Ed Tech: Graphic Design Made Easy

About two years ago, I became a fangirl of the tool Canva. What is it? Well, Canva is essentially graphic design made easy, and it’s FREE (unless you want some loud bells and whistles, but you can do so much with just the free version).

Its applications benefit education, but it can help you if you are in retail, real estate, graduate school, volunteer work, or you’re just a parent trying to create a first birthday invitation. I made the view below as a little preview of Canva, and this post contains examples of images I used Canva to create as well as specific ways teachers can use Canva in school (not just the classroom)!

What kinds of designs does Canva allow you to create?

  • Resumes
  • Instagram (or other social media) posts
  • Cards
  • Poster
  • Presentation
  • Infographic
  • Letterhead
  • Blog header
  • Album cover
  • Blog graphic
  • ebook cover
  • Business card
  • Invitation
  • Photo collage
  • Custom dimensions
  • And more!

Does Canva offer templates for each design?

Yes. Many of the templates are free, but there are some for which you can pay. Some of these templates just provide a structure for the places you can put different elements (kind of like when you use a template for picture collages in different photo apps on your phone). Other templates are “fancier” with backgrounds and fonts already chosen for you; all you have to do is delete their wording and insert yours. You can also add pictures to these templates and switch things up.

How free exactly is Canva?

For free: Canva allows you to share with others, create designs, download the graphics that you create, upload images to use in your graphics, use their free templates, provide custom dimensions, insert photos from their free library, seek design inspiration.

Paid: Some photos and templates cost money, team brand kits (not something really necessary for education), create customizable templates for your team (also not really necessary for educational purposes but would serve companies well), magically resize (ex: turn Facebook post into a poster), and organize photos into folders.

Honestly, if you’re using Canva educationally or intermittently, the free version should cover just about all of your needs. They do offer an education account. I haven’t found  a noticeable difference between that one and the personal account.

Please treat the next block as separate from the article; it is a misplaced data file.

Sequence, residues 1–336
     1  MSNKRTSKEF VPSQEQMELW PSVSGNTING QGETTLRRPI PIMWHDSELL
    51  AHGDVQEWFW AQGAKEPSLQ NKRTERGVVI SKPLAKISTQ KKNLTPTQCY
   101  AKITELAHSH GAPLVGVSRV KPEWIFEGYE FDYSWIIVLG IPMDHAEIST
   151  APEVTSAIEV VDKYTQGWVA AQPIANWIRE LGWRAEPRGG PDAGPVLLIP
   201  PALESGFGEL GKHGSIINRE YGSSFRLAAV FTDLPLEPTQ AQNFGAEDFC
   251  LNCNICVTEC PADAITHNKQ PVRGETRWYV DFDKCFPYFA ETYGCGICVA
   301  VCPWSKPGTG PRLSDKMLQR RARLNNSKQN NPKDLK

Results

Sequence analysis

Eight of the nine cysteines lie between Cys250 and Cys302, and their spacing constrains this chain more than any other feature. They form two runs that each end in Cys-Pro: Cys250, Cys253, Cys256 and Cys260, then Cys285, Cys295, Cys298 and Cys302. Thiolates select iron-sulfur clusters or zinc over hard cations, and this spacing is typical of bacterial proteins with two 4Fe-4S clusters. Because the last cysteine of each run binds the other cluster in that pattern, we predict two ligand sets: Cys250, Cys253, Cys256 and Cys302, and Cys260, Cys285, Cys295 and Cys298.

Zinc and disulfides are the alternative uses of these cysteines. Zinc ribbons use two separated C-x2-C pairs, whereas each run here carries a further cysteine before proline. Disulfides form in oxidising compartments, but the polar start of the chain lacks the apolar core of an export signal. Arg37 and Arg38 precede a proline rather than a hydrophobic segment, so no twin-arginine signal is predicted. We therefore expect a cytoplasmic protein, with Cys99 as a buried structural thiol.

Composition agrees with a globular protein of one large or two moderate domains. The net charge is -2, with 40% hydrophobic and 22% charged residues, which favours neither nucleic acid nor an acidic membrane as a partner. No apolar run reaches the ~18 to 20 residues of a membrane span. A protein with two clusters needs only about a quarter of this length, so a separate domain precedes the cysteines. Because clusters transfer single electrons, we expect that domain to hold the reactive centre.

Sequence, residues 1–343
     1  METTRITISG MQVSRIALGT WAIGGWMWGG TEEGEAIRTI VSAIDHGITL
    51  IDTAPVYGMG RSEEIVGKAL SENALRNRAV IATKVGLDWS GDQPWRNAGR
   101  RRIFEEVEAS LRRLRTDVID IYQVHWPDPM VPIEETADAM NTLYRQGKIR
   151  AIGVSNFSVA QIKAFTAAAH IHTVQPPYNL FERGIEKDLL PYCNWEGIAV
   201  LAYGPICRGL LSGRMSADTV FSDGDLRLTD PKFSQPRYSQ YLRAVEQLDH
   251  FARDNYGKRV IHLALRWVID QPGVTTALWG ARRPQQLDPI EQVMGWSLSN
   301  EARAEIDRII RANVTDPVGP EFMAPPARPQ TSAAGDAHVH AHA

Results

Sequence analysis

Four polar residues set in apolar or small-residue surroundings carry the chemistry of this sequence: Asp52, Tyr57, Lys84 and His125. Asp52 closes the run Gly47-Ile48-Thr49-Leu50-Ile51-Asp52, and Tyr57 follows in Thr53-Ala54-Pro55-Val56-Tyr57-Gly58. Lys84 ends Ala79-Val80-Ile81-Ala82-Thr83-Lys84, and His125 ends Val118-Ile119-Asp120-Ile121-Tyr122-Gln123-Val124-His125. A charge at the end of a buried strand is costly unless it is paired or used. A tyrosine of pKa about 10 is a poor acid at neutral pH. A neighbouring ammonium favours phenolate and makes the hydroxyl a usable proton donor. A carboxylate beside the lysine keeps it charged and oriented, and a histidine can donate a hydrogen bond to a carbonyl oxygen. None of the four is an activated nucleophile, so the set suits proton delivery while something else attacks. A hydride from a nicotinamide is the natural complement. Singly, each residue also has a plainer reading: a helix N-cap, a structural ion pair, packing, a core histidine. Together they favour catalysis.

How can teachers use Canva?

I’m glad you asked. First of all, I know that you see a lot of technologies that you could use in the classroom, but they take you forever to set up, or they take you forever to make something. Canva is user-friendly, really quick to set up, and pretty intuitive. If you have an idea of what you want to create, it really won’t take you much time at all to create something useful. Anyway, here are some ways I think you could use Canva if you’re a teacher:

  • Vocabulary visuals
  • Classroom posters (need a poster on a concept and there isn’t one that already exists? Use Canva to create one and then use your school’s poster making machine or go to blockposters.com–more on this site in a future post–to create a poster right from your printer)
  • Newsletters to parents
  • Back-to-School Night infographics or brochures (a new feature)
  • Invitations (maybe to a character dinner, to a club meeting, or to a department party)
  • Menus in foreign language class during a foods unit
  • Character charts (especially for texts that have characters who are difficult to keep track of)
  • Midterm review infographics
  • Collages for art class (there are a lot of tutorials on different topics that might benefit an art class!)
  • Timelines of important events (with pictures)
  • Resumes

How can students use Canva?

  • They can use it to create their resumes.
  • Student projects
  • They can share with each other.
  • Create Facebook advertisements for some content they’ve learned
  • An infographic on a character or book
  • A book cover for a story they wrote
  • A revision of a book cover for a book they’ve read in class
  • Menu for a dinner party hosted by characters in a novel they’ve read
  • Brochures on a time period they’re studying
  • Business cards for an author or character or historical figure
  • Album cover for a soundtrack that they create to complement a text or character

Can you show me some sample images created using Canva?

American Literary Isms Timeline

jocular, vocabulary, root word

Questions or suggestions about other tools to use? Sound off in the comments or send me an email at msdaniellewebber@gmail.com. As always, I’d love to hear from you.


One thought on “Ed Tech: Graphic Design Made Easy

  1. Pingback: Mini Lesson: Teaching Tone (with video) |

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